Antimicrobial resistance: Implications for the food system: An expert report, funded by the IFT Foundation

Michael P. Doyle, Francis Busta, Bruce R. Cords, P. Michael Davidson, John Hawke, H. Scott Hurd, Richard E. Isaacson, Karl Matthews, John Maurer, Jianghong Meng, Thomas J. Montville, Thomas R. Shryock, John N. Sofos, Anne K. Vidaver, Lyle Vogel

Research output: Contribution to journalReview articlepeer-review

118 Scopus citations


The safety of food worldwide remains challenged by the potential for emergence of new pathogens and re-emergence of known pathogens. Microorganisms have an inherent ability to evolve - to mutate and adapt to environmental stressors - allowing them to survive otherwise lethal conditions. The Institute of Food Technologists (IFT),1 the 22000-member nonprofit scientific and educational society, convened a panel of internationally renowned experts to address the concern that the use of antimicrobials in food production, manufacturing, and elsewhere may lead to the emergence of foodborne pathogens that are resistant to antimicrobials, thus compromising the ability to subsequently control them, whether in production agriculture, food processing, or human medicine. The outcome of the panel's deliberations is presented in this Expert Report. IFT's objective for this Expert Report is to increase the understanding - among IFT members, senior policy officials, and other interested groups - of the state of the science on the public health impact of the use of antimicrobials in the food system, and development and control of antimicrobial resistance. This report is the fourth Expert Report produced by IFT.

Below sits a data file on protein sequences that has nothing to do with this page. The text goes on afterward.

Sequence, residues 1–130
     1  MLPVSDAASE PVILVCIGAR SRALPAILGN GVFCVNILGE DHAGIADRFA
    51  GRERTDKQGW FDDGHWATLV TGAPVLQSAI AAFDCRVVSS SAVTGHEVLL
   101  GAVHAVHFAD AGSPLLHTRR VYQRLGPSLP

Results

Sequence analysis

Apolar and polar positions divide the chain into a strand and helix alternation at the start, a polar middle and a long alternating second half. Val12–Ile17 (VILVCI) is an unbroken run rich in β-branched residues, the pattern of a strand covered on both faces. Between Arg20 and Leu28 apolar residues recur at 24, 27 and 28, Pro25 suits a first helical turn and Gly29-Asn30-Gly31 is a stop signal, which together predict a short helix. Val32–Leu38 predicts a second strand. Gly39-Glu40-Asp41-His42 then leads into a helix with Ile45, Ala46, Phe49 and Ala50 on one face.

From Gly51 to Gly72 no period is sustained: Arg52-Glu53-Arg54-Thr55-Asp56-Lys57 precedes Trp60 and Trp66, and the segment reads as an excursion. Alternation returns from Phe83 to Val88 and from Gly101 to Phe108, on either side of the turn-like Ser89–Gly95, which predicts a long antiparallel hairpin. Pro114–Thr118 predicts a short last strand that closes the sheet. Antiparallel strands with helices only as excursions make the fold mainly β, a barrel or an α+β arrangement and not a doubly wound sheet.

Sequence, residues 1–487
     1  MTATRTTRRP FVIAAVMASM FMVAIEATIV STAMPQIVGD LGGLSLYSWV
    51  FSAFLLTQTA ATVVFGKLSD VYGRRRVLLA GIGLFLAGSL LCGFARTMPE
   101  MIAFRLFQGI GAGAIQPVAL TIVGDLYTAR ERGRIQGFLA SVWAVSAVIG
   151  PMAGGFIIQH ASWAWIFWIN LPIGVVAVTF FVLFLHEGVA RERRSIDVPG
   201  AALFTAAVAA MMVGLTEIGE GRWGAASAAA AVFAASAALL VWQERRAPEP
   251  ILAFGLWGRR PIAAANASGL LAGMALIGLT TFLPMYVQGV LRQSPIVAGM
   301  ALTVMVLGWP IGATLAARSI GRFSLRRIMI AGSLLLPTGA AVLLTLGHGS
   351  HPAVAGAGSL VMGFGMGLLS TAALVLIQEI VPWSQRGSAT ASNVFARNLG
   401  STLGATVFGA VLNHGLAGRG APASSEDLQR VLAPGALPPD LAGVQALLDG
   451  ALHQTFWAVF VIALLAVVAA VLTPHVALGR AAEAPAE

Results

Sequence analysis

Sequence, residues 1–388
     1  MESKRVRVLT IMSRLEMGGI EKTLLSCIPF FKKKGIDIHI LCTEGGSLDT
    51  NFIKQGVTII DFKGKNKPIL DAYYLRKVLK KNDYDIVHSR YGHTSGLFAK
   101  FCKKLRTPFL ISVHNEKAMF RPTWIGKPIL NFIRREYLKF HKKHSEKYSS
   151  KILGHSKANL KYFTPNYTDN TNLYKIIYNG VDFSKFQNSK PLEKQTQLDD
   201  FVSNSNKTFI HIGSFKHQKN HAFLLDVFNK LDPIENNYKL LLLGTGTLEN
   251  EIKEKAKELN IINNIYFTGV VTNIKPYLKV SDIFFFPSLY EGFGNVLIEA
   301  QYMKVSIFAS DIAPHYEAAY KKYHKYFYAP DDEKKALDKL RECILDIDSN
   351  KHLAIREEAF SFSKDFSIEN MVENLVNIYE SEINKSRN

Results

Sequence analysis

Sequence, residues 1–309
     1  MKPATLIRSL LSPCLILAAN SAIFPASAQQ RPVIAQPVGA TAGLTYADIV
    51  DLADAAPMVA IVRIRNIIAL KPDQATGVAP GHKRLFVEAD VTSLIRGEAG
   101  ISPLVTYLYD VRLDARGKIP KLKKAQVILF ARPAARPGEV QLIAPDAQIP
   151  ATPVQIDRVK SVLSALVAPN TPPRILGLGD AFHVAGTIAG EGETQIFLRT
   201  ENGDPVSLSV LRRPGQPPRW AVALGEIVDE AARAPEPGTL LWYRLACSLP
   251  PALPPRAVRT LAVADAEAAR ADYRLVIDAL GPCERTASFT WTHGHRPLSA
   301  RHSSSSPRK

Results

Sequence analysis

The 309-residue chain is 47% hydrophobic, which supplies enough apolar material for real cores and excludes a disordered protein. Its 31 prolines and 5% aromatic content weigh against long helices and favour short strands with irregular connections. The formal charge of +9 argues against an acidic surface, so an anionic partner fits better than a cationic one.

Original languageEnglish (US)
Pages (from-to)71-137
Number of pages67
JournalComprehensive Reviews in Food Science and Food Safety
Issue number3
StatePublished - Jul 2006


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